To find the only effective source of help for the North Korean refugees, don't even bother checking the UNHCR's payroll. Genuine relief comes only via a loose network of private individuals, who--often at risk to their own safety--have helped smuggle some out of China to asylum in third countries. Best known among this group is a German doctor, Norbert Vollertsen, who had the chance about three years ago to witness what he describes as the "holocaust" in North Korea, and has since dedicated himself, in the face of death threats, to speaking out, organizing protests, doing anything he can to save the North Korean refugees.
When I asked a UNHCR spokesman last week to spell out how North Koreans can secure asylum in China, he repeated the agency's line: The UNHCR is denied access by Beijing to the border areas where the refugees arrive; and North Koreans seeking asylum must first request refugee status from the Chinese authorities. He acknowledged that seven North Koreans who tried this in Beijing last August were arrested on the spot and that the UNHCR has had no news of them since.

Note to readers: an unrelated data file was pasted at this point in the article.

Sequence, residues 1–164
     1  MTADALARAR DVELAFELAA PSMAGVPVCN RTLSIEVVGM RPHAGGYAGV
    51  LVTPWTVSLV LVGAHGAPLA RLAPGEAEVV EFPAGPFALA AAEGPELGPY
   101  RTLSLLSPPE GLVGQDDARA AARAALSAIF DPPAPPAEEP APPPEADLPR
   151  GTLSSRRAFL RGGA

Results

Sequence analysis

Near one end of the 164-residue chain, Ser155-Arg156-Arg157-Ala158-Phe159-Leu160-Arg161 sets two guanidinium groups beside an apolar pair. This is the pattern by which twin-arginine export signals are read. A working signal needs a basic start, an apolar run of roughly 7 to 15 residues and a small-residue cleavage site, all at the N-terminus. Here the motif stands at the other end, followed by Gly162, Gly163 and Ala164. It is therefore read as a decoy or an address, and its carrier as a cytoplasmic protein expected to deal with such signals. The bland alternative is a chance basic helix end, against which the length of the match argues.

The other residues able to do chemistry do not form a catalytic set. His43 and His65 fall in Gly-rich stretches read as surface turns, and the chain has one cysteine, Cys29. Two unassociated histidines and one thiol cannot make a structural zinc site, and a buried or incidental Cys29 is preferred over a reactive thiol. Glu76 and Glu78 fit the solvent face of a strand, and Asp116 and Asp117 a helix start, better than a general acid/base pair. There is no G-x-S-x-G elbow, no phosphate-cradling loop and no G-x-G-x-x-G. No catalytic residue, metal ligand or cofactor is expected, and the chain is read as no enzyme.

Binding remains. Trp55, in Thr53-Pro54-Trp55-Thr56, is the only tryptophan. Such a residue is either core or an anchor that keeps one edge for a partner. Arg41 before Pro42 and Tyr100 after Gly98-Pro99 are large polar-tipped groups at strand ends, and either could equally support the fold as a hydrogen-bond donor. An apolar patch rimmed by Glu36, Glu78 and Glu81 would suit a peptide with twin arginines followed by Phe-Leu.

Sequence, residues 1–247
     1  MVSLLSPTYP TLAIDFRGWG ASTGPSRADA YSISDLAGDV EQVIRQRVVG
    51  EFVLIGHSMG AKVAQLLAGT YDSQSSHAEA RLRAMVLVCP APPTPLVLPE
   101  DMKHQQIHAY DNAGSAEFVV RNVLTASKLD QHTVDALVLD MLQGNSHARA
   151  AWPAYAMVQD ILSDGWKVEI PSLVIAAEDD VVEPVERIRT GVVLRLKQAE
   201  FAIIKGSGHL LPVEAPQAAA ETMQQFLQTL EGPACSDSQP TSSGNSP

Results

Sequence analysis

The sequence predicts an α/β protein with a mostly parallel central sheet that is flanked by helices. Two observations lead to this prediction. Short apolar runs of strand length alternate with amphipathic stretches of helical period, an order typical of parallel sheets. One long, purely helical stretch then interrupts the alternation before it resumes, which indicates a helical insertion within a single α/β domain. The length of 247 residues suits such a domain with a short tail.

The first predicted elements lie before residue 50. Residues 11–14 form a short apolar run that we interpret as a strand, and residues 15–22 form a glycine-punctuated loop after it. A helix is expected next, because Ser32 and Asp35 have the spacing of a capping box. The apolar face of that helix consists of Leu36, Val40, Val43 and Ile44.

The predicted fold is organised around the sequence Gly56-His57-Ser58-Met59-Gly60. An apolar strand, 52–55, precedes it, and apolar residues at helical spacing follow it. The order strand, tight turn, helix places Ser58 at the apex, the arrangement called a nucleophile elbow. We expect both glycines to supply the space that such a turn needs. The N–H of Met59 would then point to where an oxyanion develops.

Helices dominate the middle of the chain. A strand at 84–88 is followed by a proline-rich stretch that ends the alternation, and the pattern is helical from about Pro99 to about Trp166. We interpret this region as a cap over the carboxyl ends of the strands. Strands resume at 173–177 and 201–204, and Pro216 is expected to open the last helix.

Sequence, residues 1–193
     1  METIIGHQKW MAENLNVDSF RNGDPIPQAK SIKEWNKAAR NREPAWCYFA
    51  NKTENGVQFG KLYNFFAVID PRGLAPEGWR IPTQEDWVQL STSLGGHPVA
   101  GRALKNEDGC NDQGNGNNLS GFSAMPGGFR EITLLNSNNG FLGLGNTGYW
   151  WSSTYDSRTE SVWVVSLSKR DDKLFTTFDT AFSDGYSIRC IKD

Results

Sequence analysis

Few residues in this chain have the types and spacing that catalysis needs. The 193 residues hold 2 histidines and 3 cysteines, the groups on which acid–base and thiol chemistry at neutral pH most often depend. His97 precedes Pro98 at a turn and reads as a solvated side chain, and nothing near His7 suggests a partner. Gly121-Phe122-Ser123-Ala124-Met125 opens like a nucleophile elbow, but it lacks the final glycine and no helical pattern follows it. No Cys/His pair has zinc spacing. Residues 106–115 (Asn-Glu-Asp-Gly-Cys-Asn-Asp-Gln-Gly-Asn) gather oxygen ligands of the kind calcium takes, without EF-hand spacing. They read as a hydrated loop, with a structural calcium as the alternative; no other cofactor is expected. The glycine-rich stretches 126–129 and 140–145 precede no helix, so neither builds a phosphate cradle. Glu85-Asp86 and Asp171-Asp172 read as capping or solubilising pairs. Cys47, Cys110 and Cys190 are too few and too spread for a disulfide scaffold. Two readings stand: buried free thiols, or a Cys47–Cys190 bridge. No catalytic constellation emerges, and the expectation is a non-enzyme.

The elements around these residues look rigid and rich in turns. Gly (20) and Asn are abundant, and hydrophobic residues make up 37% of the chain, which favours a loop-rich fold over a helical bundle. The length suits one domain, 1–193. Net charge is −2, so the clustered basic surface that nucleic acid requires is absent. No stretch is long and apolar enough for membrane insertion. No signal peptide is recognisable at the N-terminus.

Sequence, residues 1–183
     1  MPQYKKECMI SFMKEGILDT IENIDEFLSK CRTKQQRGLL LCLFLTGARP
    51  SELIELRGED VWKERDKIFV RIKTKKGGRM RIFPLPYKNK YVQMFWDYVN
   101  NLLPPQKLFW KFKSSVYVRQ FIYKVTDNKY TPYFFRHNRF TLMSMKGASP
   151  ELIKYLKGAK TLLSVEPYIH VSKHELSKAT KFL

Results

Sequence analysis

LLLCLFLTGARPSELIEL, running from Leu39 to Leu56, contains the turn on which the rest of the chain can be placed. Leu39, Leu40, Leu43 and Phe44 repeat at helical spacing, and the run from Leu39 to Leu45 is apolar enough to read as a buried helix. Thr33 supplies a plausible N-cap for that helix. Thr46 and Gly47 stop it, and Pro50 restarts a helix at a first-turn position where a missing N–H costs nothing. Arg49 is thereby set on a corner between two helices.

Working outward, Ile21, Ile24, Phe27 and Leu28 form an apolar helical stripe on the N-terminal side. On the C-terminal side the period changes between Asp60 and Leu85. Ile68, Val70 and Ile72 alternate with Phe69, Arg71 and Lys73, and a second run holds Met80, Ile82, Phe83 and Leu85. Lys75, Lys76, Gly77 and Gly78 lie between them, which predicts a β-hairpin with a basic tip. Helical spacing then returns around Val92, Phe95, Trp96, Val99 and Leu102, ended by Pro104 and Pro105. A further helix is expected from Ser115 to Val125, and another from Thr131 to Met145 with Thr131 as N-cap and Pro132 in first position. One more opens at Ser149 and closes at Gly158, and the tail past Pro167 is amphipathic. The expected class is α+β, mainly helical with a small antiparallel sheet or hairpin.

From an agency so sensitive to human suffering as to be sounding advance alarms on Iraq, one might have expected words at least as strong as "catastrophic"--one might even have expected actions--to muster help for the North Koreans in China. What we have instead is the U.N.'s quiet diplomacy, and from the thousands of North Koreans turned back by China, a terrible silence.
Claudia Rosett is a columnist for the Wall Street Journal Europe.